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SxBRC

 

 

 

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Welcome to the Sussex Biodiversity Record Centre

How SxBRC is operating during the coronavirus outbreak
SxBRC staff are working at home for the foreseeable future. We have put systems in place to enable us to continue delivering the full range of SxBRC services, but some systems are running slower than they normally would. If you need to contact SxBRC, please send us an email. You can find all our email addresses on the team page. Our telephone system is not set up to work remotely, so we would ask that you don’t phone.

NBN

Click here to access the NBN web page that collates published guidance from a number of organisations in respect of biological recording and survey work during COVID‑19 restrictions.

Species records: 8,152,791

December species of the month: December Moth(s)

December Moth(s)

For many, the only encounter with moths at this time of year is the sight of one or two, caught in the headlights when driving at night, usually when passing under the canopy of a patch of woodland. Many regular moth recorders will put away their traps in the autumn as the number of moths and the number of stotal species that they are trapping starts to tail off, they will not re-emerge until the weather warms the following spring.

More »

Upcoming recording events:

No events in the calendar for the week ahead.

Events Calendar »

Welcome to the website of the Sussex Biodiversity Record Centre, one of the many local environmental record centres situated around the UK. We provide environmental information services encompassing biodiversity, geodiversity and other aspects of Sussex’s natural capital. We cover the two counties of East and West Sussex, including Brighton & Hove, in South East England. We are a small but dedicated team of environmental data managers, naturalists and IT specialists.

The Sussex Biodiversity Record Centre is managed as a partnership project, hosted by the Sussex Wildlife Trust. Our partners include local planning authorities, government agencies, conservation bodies and other organisations which need access to up-to-date biodiversity information, such as water companies.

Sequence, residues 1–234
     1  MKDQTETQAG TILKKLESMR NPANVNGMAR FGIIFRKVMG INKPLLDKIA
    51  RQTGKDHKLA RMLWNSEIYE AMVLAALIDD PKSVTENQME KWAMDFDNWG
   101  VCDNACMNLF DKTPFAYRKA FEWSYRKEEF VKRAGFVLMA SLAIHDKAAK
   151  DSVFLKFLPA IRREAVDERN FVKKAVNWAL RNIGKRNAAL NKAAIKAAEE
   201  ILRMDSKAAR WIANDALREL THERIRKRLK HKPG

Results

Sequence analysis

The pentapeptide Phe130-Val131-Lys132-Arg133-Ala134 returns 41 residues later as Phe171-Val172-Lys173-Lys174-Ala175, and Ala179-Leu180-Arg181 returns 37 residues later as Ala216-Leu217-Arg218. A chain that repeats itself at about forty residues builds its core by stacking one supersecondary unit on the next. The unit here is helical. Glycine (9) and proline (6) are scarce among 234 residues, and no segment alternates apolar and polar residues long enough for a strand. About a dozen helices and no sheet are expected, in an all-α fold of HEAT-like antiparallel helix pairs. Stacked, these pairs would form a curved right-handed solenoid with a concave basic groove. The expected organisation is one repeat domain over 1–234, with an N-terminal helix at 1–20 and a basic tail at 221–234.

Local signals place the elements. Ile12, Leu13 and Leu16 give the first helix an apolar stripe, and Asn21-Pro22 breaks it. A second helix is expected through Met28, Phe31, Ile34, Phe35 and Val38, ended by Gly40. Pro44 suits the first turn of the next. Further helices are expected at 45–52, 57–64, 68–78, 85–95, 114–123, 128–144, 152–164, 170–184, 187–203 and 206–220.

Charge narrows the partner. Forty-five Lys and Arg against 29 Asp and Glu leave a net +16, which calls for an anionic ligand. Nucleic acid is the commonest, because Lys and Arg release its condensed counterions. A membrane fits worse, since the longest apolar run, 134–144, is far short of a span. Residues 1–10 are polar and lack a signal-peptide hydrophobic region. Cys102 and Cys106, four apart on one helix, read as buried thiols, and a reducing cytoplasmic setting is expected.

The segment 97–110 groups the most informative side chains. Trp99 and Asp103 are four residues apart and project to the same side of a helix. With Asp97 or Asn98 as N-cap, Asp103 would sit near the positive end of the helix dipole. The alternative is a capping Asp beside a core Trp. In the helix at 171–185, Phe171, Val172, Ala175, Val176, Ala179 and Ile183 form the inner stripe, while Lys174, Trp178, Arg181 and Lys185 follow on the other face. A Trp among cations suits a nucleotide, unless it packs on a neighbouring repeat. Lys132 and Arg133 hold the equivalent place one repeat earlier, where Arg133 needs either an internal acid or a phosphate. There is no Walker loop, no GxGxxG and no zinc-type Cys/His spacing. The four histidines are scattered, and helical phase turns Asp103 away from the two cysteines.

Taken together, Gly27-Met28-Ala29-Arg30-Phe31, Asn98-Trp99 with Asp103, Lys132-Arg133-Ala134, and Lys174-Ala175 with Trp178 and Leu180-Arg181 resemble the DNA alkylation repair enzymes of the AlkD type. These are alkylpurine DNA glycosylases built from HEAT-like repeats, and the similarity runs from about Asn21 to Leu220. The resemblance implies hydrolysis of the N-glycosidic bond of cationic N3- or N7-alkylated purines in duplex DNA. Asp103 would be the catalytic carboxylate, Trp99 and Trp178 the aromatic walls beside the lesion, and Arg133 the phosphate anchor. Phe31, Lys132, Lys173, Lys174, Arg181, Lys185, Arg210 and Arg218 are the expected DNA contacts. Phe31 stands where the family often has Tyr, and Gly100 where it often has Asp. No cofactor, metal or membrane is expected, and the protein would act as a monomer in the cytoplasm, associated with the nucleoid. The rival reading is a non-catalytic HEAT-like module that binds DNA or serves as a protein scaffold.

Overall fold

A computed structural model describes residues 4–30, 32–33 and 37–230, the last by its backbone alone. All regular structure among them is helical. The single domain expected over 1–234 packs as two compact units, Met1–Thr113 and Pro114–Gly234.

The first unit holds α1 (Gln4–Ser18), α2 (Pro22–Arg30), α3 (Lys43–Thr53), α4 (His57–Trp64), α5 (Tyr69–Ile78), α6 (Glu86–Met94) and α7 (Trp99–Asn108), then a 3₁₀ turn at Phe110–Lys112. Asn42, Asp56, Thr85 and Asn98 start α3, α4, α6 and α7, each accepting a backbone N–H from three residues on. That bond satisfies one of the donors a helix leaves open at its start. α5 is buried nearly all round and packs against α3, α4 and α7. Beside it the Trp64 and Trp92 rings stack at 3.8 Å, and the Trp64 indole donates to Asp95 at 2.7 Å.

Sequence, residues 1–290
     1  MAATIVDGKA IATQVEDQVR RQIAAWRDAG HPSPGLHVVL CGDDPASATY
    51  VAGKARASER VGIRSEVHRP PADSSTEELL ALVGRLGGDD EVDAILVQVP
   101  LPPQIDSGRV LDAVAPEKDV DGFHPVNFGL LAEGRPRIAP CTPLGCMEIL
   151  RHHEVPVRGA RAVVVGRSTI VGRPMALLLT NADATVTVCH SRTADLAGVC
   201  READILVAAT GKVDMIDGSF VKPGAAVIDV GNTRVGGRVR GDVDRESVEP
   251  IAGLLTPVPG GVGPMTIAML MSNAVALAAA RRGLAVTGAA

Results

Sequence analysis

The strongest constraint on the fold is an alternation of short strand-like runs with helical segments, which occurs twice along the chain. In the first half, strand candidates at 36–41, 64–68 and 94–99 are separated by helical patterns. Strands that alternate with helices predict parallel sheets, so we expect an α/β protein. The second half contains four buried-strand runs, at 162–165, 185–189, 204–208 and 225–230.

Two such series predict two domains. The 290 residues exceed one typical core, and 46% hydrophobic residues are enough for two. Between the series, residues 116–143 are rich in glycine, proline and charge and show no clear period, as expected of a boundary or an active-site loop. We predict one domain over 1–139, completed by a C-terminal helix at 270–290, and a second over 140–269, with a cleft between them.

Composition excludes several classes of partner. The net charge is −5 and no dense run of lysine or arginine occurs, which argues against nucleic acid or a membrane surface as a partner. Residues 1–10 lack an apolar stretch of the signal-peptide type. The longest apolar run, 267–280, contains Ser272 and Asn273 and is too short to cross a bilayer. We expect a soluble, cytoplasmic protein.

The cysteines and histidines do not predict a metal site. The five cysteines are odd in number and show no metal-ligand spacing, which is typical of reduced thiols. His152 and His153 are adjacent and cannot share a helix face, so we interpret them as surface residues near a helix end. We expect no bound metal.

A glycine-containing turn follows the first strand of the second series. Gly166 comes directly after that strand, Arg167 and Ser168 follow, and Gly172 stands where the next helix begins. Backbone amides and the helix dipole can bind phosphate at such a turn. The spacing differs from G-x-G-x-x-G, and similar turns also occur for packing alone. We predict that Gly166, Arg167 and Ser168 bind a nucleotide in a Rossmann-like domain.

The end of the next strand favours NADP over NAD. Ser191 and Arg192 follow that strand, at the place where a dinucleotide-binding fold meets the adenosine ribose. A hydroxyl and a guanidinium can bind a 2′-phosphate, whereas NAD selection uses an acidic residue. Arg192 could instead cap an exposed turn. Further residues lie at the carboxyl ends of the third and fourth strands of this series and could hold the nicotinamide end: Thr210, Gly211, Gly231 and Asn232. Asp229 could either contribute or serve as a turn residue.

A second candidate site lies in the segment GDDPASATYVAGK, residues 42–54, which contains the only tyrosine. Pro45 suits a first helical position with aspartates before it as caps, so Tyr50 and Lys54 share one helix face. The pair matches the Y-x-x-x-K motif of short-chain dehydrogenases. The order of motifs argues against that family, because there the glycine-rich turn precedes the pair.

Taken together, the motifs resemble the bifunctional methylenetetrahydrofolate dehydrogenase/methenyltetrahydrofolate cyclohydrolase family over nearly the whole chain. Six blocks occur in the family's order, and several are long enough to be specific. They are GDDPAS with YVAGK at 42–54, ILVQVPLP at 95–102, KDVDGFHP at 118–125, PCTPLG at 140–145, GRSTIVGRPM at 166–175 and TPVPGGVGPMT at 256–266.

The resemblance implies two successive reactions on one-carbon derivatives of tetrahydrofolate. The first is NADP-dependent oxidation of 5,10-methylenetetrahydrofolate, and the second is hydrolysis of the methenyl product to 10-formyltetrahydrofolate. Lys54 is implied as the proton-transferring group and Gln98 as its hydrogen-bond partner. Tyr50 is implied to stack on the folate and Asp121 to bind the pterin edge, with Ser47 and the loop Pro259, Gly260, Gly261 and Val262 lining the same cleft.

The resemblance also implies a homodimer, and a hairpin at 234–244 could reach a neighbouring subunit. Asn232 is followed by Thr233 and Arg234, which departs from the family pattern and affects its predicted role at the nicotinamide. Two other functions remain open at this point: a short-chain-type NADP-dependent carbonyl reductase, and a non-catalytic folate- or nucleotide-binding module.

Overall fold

Sussex has a vibrant and energetic biological recording community with many independent recording groups and societies. By strengthening relationships with these groups, and the wider network of naturalists, ecologists and recording schemes active in Sussex, the Record Centre facilitates sharing of ever-greater amounts of biodiversity data.

Upcoming recording events:

No events in the calendar for the week ahead.

Events Calendar »

Species records: 8,152,791

December species of the month: December Moth(s)

December Moth(s)

For many, the only encounter with moths at this time of year is the sight of one or two, caught in the headlights when driving at night, usually when passing under the canopy of a patch of woodland. Many regular moth recorders will put away their traps in the autumn as the number of moths and the number of stotal species that they are trapping starts to tail off, they will not re-emerge until the weather warms the following spring.

More »

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Latest news

Tail of the unexpected

24 July 2020

Laurie Tom BBlitz - Alistair Whitby

Laurie and Tom, mini-bioblitzing
at the EPIC Sompting site
Photo: Alistair Whitby

SBTD female Alistair Whitby

Female Scare Blue-tailed Damselfly
Photo: Alistair Whitby

SBTD Male - Alistair Whitby

Male Scare Blue-tailed Damselfly
Photo: Alistair Whitby

Laurie Tom BBlitz - Alistair Whitby

Laurie and Tom, mini-bioblitzing
at the EPIC Sompting site
Photo: Alistair Whitby

SBTD female Alistair Whitby

Female Scare Blue-tailed Damselfly
Photo: Alistair Whitby

SBTD Male - Alistair Whitby

Male Scare Blue-tailed Damselfly
Photo: Alistair Whitby

A hot, sunny, breezy early afternoon on the banks of a stream restoration project in Sompting, was the scene of an exciting sweep netting incident on 19th June. Laurie Jackson and I had been invited to carry out a mini bioblitz at the EPIC Sompting site and working together with Alistair Whitby (OART project officer), socially-distanced of course, we were focussing on netting and ID’ing invertebrates along the newly formed and sparsely vegetated stream bank. Alistair netted a damselfly close to the warm shallow stream, which at first glance looked like Ischnura elegans, but lurking in the back of my mind was the need to double-check it and am I glad we did.

In the hand we examined the extent of blue on abdominal segments 8 and 9 and the pterostigma shape which seemed to be consistent with Scare Blue-tailed Damselfly (Ischnura pumilio) according to my British Dragonflies and Damselflies app (NatureGuides) and then frustratingly it escaped from the hand leaving us with only a couple of record shots and the feeling that this was a special find. There followed a weekend of running the photo by other experts online just to confirm the ID and consensus settled on pumilio - last recorded in Sussex 120 years ago!

The project, which has a strong volunteer focus, has been benefiting from regular Odonata survey visits by Dave Sadler, who was subsequently informed of this find. He then went to site (not currently accessible to public) to see if he could re-find the damselfly, which he did including several males and a female. One female has also since been found showing ageing consistent with ovipositing, so perhaps this is the start of an established Sussex colony. This species brought the site list up to 10 spp., which includes all the expected common Odonata and also Hairy Dragonfly.

To find out more about this project and follow developments please visit https://oart.org.uk/epic.

Tom Forward

 

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